The application of massage for clients undergoing cancer treatment can offer significant relief from the aches, pains and emotional impact associated with their condition. Oncology massage can aid in easing a wide array of symptoms that persist from chemotherapy and radiation treatments.
These techniques can be learned through home study courses that can be taken at one’s leisure in a home or office.
Some of the benefits of oncology massage include reducing or eliminating nausea, general pain, fatigue and depression in clients who are undergoing cancer treatment. Side effects associated with cancer treatment can sometimes cause a client to have increased anxiety, anger and depression. Other patients can also develop a negative body image.
An Internet search revealed numerous home study courses that are available for any massage therapist to take to fulfill their continuing education requirements. For oncology massage, basic home study courses include topics that cover cancer and neoplasia, the causes of cancer, current medical treatments for cancer, general guidelines for massage therapists, cancer types, skin health, specific massage oils, therapy protocol and cancer massage precautions.
In a recent study, massage was found to reduce the psychological and physical distress in children diagnosed with cancer and blood diseases. The study, “Children with Cancer and Blood Diseases Experience Positive Physical and Psychological Effects from Massage Therapy,” monitored 30 children diagnosed with cancer or blood diseases between six months and 17 years old. The subjects in the study were divided into a control group and massage group.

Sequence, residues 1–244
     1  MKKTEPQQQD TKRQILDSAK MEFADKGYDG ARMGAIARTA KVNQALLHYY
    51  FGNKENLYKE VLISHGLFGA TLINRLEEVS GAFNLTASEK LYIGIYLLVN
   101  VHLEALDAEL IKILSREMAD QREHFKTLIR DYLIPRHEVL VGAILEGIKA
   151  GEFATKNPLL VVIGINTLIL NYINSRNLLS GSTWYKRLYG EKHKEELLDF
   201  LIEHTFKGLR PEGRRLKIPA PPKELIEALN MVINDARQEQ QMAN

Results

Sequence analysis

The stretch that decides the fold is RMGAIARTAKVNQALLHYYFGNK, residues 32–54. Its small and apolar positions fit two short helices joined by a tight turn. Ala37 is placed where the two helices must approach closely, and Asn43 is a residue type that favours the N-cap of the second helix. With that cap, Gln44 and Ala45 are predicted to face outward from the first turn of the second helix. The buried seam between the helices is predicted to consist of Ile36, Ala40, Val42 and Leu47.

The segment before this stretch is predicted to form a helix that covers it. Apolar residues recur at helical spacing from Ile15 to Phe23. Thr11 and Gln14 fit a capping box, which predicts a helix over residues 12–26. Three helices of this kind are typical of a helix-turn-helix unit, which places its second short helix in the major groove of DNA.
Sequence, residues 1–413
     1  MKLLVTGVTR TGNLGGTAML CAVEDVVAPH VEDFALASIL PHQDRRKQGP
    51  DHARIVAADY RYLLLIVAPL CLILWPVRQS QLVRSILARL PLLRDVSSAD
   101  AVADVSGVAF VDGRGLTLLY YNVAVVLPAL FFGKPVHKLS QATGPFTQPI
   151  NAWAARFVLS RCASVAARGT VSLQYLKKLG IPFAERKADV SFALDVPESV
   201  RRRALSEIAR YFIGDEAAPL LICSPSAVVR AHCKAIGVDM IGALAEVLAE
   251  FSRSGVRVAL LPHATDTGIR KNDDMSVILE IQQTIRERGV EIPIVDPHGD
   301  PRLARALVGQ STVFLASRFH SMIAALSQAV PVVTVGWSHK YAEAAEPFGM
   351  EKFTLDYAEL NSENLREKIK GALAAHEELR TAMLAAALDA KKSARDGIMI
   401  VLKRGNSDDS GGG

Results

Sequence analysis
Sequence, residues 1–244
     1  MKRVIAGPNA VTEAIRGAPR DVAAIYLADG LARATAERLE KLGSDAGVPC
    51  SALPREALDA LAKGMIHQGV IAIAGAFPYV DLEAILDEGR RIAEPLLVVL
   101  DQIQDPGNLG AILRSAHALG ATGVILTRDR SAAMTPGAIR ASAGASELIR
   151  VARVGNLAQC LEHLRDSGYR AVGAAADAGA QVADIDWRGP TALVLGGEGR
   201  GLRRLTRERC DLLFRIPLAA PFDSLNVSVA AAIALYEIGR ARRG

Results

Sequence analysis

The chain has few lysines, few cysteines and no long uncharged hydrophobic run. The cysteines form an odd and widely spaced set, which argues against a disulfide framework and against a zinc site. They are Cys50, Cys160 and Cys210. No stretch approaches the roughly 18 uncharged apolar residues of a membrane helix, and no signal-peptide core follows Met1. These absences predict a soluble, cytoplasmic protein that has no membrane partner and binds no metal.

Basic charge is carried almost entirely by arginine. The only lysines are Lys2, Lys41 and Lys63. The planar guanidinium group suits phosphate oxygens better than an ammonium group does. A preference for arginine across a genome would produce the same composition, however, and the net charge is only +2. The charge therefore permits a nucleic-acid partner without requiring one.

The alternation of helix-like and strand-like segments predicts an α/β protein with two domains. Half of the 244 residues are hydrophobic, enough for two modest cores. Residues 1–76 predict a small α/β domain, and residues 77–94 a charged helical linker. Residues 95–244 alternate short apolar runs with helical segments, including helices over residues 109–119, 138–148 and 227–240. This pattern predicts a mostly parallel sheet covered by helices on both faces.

In the study, a Swedish massage protocol was used that included effleurage, petrissage, percussion, compression and friction. The children in the study were evaluated by their vital signs, discomfort level, muscle soreness and emotional state.
Researchers reported that those in the massage group had significantly less muscle soreness and a decreased level of discomfort. The anxiety levels in those treated in the massage group were also decreased significantly and the subjects reported they felt better after treatments.
“As seen in other cancer studies, our findings in this study are consistent with the positive rehabilitative effect of (massage therapy),” researchers reported. “Physiologic measures suggest that MT reduced muscle soreness, discomfort and respiratory rate.”
Make sure to check with your national and state licensing bodies to make sure the courses you select are acceptable for continuing education credits.